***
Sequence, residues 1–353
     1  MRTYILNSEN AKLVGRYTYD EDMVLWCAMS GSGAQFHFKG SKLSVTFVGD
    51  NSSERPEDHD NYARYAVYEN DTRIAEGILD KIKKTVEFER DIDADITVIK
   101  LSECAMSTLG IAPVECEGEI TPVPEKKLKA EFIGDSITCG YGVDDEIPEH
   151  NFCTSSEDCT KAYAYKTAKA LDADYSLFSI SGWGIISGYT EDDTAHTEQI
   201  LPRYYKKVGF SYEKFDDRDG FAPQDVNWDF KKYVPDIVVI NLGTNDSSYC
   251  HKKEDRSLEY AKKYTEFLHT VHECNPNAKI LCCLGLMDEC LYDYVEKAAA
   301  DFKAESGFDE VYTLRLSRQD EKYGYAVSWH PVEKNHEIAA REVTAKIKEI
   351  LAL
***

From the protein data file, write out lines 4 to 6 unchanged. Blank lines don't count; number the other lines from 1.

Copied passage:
   101  LSECAMSTLG IAPVECEGEI TPVPEKKLKA EFIGDSITCG YGVDDEIPEH
   151  NFCTSSEDCT KAYAYKTAKA LDADYSLFSI SGWGIISGYT EDDTAHTEQI
   201  LPRYYKKVGF SYEKFDDRDG FAPQDVNWDF KKYVPDIVVI NLGTNDSSYC